Now, the MGCC informs the agents of the 40kWh
EDR request with the incentive of 1200 KRW/kWh.
Note that the incentive from the MGCC is 1200
KRW/kWh, which is less than the grid incentive 1500
KRW/ kWh in the begin ning.
The maximum particip ation power of the BESS can be
defined as
Where Qrated is the rated capacity of the battery (kWh)
that is 80 kWh,S OC is the current SOC; SOCmin is the
minimum constraint of the SOC (%) that is set to 30%,
and PBESS is the initial power output of the BESS (kW),
respectively. Then, the BESS can bid 20 kW for an
hourdue to
The generation cost of gas-turbines can be represented
as a quadratic function. The MGT agent must have the
information about this cost function. The EDR participa-
tion power is determined when the marginal cost is the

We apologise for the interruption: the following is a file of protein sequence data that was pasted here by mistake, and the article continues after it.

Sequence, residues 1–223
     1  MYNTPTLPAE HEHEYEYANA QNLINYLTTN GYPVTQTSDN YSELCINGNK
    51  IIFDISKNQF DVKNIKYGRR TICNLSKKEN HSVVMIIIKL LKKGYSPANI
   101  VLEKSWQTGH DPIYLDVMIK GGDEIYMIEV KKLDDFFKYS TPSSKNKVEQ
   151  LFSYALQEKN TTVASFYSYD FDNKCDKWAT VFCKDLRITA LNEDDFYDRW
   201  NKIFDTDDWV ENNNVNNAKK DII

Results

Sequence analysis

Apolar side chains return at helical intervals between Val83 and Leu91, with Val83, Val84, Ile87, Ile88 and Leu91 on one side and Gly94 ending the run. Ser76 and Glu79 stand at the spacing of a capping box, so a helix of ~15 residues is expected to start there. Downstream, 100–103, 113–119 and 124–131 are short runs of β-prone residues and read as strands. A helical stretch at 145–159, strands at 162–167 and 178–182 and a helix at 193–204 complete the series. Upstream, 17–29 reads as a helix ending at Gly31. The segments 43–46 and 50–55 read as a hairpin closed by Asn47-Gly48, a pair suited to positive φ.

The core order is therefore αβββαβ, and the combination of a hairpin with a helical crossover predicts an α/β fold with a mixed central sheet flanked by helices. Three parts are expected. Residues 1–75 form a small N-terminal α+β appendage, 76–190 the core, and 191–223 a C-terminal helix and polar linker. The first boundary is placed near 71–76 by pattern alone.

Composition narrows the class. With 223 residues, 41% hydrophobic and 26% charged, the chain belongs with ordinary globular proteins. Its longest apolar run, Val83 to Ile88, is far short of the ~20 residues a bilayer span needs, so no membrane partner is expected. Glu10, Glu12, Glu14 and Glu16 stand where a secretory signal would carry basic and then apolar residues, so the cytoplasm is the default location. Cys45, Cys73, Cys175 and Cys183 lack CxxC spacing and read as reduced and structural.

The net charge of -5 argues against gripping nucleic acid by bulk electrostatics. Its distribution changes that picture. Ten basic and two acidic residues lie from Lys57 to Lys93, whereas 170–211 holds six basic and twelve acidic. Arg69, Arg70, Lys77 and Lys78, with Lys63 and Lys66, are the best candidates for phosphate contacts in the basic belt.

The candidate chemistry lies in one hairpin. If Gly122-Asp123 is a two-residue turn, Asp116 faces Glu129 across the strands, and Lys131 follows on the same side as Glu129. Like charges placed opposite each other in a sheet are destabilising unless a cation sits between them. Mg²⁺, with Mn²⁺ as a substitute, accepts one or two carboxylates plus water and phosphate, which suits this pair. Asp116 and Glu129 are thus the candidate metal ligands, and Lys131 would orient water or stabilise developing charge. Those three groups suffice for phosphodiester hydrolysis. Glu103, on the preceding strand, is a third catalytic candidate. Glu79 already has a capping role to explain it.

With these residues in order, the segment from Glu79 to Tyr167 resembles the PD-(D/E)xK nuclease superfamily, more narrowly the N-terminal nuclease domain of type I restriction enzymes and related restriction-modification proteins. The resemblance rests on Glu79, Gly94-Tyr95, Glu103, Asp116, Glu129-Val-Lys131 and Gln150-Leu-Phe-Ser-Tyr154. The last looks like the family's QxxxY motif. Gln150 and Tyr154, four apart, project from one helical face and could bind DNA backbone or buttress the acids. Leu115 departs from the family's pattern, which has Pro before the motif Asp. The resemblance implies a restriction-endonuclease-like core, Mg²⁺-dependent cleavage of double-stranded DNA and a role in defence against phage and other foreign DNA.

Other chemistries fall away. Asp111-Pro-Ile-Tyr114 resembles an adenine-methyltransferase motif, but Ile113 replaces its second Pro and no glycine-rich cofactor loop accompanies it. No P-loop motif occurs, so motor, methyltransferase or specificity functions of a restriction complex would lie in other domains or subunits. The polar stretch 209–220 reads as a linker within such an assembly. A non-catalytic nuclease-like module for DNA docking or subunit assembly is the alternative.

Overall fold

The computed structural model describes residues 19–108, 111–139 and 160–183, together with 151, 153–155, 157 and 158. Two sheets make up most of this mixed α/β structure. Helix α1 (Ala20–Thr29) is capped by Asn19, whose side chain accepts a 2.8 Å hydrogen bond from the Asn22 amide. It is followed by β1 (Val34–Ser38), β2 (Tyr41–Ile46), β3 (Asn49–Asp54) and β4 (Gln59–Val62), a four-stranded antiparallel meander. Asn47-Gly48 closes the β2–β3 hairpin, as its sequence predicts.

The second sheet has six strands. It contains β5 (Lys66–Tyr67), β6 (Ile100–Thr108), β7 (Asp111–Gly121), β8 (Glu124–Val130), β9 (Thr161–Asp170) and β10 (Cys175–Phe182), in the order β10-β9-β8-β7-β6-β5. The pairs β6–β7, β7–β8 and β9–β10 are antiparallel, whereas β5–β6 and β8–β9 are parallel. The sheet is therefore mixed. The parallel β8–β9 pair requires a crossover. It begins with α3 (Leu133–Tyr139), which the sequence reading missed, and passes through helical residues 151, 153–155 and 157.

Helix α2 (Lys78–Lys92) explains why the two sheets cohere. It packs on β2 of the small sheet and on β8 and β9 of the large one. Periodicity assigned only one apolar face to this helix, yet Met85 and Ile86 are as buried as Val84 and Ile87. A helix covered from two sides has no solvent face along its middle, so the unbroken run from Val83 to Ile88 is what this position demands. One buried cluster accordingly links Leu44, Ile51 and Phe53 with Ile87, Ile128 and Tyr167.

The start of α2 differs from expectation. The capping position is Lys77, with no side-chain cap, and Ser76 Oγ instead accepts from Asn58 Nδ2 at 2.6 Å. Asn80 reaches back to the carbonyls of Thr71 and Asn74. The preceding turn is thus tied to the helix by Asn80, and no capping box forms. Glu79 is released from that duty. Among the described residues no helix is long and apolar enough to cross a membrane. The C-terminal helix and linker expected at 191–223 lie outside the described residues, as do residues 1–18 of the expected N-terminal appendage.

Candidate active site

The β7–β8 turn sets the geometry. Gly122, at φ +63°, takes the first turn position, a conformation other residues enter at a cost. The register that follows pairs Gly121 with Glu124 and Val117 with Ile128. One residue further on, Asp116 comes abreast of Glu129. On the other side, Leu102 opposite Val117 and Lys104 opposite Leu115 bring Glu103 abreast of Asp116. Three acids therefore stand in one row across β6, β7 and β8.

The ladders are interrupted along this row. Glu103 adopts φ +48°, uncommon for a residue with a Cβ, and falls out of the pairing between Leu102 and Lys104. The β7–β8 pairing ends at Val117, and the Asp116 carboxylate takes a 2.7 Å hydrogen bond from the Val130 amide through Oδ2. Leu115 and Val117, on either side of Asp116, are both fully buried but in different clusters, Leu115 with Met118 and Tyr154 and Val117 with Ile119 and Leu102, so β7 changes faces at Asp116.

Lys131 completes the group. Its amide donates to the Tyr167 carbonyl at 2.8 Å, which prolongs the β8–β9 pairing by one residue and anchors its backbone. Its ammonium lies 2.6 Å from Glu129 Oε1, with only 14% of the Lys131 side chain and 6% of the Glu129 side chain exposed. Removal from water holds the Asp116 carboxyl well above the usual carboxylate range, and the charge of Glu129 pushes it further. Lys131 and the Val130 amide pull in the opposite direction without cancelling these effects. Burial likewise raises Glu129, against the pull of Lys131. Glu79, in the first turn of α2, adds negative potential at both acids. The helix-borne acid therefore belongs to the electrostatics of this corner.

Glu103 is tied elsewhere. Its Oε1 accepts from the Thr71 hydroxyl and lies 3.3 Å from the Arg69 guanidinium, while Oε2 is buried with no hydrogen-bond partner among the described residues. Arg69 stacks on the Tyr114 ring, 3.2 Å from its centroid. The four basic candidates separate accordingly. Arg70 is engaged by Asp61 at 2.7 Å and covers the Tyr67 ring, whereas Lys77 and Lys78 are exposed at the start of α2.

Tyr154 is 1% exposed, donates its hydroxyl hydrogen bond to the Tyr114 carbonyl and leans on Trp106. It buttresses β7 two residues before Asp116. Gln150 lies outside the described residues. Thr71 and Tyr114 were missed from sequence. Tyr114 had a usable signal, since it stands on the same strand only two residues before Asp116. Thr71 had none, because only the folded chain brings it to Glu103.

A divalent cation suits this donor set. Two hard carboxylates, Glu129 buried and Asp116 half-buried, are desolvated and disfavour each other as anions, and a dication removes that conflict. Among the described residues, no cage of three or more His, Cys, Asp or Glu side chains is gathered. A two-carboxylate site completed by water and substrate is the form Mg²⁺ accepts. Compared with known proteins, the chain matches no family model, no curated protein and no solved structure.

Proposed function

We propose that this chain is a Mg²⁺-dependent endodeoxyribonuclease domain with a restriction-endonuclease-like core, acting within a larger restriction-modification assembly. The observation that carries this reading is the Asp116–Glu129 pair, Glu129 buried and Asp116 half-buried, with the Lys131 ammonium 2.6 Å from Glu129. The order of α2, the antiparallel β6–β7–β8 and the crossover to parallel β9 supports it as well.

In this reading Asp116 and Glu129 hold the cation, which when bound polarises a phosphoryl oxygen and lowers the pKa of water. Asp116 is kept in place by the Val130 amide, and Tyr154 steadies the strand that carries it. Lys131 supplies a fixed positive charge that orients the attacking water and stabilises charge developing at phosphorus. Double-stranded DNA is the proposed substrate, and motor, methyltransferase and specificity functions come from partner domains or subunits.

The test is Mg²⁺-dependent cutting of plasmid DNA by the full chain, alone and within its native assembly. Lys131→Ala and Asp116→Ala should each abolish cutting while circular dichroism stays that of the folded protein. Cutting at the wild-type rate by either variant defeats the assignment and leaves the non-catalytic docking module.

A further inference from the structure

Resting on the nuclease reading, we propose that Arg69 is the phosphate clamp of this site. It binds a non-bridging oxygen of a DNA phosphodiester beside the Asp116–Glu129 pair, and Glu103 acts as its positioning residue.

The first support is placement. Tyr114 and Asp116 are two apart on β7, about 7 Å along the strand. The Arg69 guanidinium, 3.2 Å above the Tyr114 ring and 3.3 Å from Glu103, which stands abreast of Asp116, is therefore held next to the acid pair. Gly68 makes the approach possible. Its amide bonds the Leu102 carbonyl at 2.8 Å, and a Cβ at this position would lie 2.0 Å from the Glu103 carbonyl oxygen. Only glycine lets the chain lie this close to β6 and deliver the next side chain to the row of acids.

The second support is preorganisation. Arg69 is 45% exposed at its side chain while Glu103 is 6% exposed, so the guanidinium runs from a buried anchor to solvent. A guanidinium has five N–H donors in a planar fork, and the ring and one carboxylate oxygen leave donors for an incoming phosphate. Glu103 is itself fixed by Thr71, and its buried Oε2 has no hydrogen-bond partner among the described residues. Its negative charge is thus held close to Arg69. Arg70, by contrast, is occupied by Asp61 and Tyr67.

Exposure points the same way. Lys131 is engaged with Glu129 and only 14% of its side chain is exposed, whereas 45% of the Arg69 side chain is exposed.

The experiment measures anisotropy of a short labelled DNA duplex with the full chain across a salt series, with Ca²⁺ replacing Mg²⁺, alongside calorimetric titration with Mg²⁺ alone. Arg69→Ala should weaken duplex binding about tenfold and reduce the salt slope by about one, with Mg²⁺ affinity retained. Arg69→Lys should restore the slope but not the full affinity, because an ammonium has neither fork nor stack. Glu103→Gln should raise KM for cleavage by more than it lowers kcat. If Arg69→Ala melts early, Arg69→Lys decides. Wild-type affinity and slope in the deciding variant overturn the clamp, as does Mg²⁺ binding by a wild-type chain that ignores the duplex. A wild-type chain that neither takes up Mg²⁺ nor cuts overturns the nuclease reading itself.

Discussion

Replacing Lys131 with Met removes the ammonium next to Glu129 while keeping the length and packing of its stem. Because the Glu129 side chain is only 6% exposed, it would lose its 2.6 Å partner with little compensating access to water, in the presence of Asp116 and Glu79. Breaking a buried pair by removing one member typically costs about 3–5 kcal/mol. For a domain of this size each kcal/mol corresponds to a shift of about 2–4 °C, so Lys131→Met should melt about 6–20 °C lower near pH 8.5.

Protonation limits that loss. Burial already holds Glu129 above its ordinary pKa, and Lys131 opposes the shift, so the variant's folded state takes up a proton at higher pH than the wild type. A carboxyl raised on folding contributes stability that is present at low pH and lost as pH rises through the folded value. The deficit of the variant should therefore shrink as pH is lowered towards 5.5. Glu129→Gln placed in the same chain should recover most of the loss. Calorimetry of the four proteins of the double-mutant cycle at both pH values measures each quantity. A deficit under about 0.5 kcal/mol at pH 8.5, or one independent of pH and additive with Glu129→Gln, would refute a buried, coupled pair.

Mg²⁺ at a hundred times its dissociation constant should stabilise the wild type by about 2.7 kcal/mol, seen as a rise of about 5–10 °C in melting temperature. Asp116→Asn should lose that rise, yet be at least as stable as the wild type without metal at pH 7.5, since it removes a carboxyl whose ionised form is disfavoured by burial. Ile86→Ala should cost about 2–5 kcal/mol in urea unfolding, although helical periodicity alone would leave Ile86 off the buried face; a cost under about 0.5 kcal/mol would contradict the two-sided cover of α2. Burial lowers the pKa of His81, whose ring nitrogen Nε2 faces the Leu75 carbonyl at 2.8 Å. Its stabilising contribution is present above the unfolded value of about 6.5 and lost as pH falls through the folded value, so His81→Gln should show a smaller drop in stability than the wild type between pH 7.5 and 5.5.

same as the incentive. Assume that the participation
power of MGT is 10kW.
The smart loads consist of controllable loads that can
be transferred to different time slots and critical loads
that cannot be shed. If we assume that the initial critical
and controllable loads are 20 kW and 40 kW respectively,
the smart load can bid as much as 40 kW.
Then, in the first round, the MGCC receives the bids
fro m the a gents as much as 6 0 kW in tot al, which mea ns
20 kW from the BESS, 20 kW from the MGT and 40 kW
from the smart load. Then, the total EDR power partici-
pation is larger than 40kW of the request power. The
MGCC dispatch the EDR participation proportionally
according the amount of bids as follows:
Figure 11 illustrates the decis ion-maki ng pr oc edur e of
the MGCC followed by the CNP framework. The MGCC